What is the NME?

The Nineveh Medical Encyclopaedia

Research by Geller's BabMed project(funded by an ERC Advanced Grant) team between 2015–2018 showed that Ashurbanipal's material was not a disparate collection of unconnected treatises. The Encyclopaedia was a compendium of 12 treatises, divided into a total of 50 chapters. Each chapter focuses on an individual topic. They would have contained over two hundred lines, implying a total count of more than ten thousand lines of text. Each treatise has three main building blocks: prescriptions, medical incantations, and concise ritualistic healing procedures. Most prescriptions begin with a diagnostic description, and alternative drugs used for each therapy are listed together with precise instructions for preparing and administering the medication, with an optional prognosis for recovery. The Encyclopaedia is known mostly from sources produced during the 7th century BC for the royal library of Ashurbanipal, King of Assyria (669-c.630 BC).

In ancient Iraq, the first line of text on a given tablet served as the name of the composition. We can correlate with confidence the titles listed in the ancient catalogue with copies of those works themselves in the royal collection. We can also correlate this information with the helpful scribal notes recorded at the end of the tablets. These give the name of the current tablet and that of the subsequent tablet in the series. The surviving sequence provided by the scribes matches the sequence in which the texts are listed in the ancient catalogue.

King Ashurbanipal

Ashurbanipal was the most powerful ruler ever to have lived. As a child he had been tutored by one of the foremost scribes in the empire, and developed a keen personal interest in scholarship. Now a king, he assembled at his capital, Nineveh (Iraq), a collection that was both quantitatively and qualitatively superior to any other known cuneiform library. His library contained deluxe editions of all the most important scholarly works in circulation at that time, including medical handbooks. These were marked with his ownership label [http://oracc.org/asbp/RLAsb]:

Palace of Ashurbanipal, King of the World, King of Assyria, to whom Nabu and Tashmetu granted understanding, who acquired insight and a high level of scribal proficiency, that skill which none among the kings, my predecessors, acquired. I wrote, checked, and collated tablets with medical prescriptions from cranium to toenail, non-canonical material, elaborate teaching, and the advanced healing arts of Ninurta and Gula, as much as exists. I placed them within my palace for my consultation and reading.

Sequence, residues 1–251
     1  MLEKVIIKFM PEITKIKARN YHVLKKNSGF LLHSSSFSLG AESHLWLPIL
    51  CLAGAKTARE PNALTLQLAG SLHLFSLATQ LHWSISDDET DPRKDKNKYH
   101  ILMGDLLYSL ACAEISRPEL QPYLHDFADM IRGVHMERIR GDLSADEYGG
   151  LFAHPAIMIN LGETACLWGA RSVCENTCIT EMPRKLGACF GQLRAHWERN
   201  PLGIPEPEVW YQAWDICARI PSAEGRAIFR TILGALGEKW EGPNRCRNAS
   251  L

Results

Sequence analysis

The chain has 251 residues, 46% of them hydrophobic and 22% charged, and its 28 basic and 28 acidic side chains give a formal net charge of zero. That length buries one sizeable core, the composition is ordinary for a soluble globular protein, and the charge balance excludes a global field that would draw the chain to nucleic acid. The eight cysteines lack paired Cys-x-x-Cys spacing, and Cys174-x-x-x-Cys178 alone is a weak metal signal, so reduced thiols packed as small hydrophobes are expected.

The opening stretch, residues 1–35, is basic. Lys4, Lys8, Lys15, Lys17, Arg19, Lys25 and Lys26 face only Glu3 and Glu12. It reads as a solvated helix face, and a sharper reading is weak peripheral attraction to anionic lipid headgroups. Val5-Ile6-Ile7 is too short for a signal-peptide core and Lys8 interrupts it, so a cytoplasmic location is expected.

the medical colophon

The medical colophon on one of the NME tablets. Detail of K 71b [https://www.britishmuseum.org/collection/object/W_K-71-b]. Copyright Trustees of the British Museum. CC BY-NC-SA 4.0 [https://www.britishmuseum.org/terms-use/copyright-and-permissions]

A generation later, Ashurbanipal's library was burned as his palaces were sacked by invaders. Being made of clay, however, the tablets were not destroyed by the fire, but rather strengthened by it. Yet as the tablets fell to the floor, they smashed into many pieces. These fragments lay undisturbed until explorers and archaeologists found 32,000 of them in a series of excavations from the mid-19th to the early 20th century. They are now curated in the British Museum.

As the living fulcrum between heaven and earth, the Assyrian king had to be protected with the utmost care. Royal archives provide bountiful evidence of experts tending to the king's health. His personal library gathered the body of medical knowledge that had been accumulated in Mesopotamia over many centuries.

Sources

Assyrian medical texts were written in cuneiform script on clay tablets, in the Akkadian language. Each tablet contains one chapter. The clay remains in good condition, and the text remains as crisp and clear as the day it was written. But these tablets were smashed into fragments during the sack of Nineveh in 612 BC. The reconstruction of fragments back into their original tablets has been a slow process. It is to attempt multiple jigsaw puzzles simultaneously, with all the pieces mixed together, and without knowing what any of the pictures are, or even how many jigsaws are involved; all this having first had to separate the pieces from thousands of others.

Jonathan Taylor

Jonathan Taylor, 'What is the NME?', The Nineveh Medical Project, The Nineveh Medical Project, Department of the Middle East, The British Museum, Great Russell Street, London WC1B 3DG, 2021 [http://oracc.museum.upenn.edu/asbp/NinMed/whatisthenme/]

 
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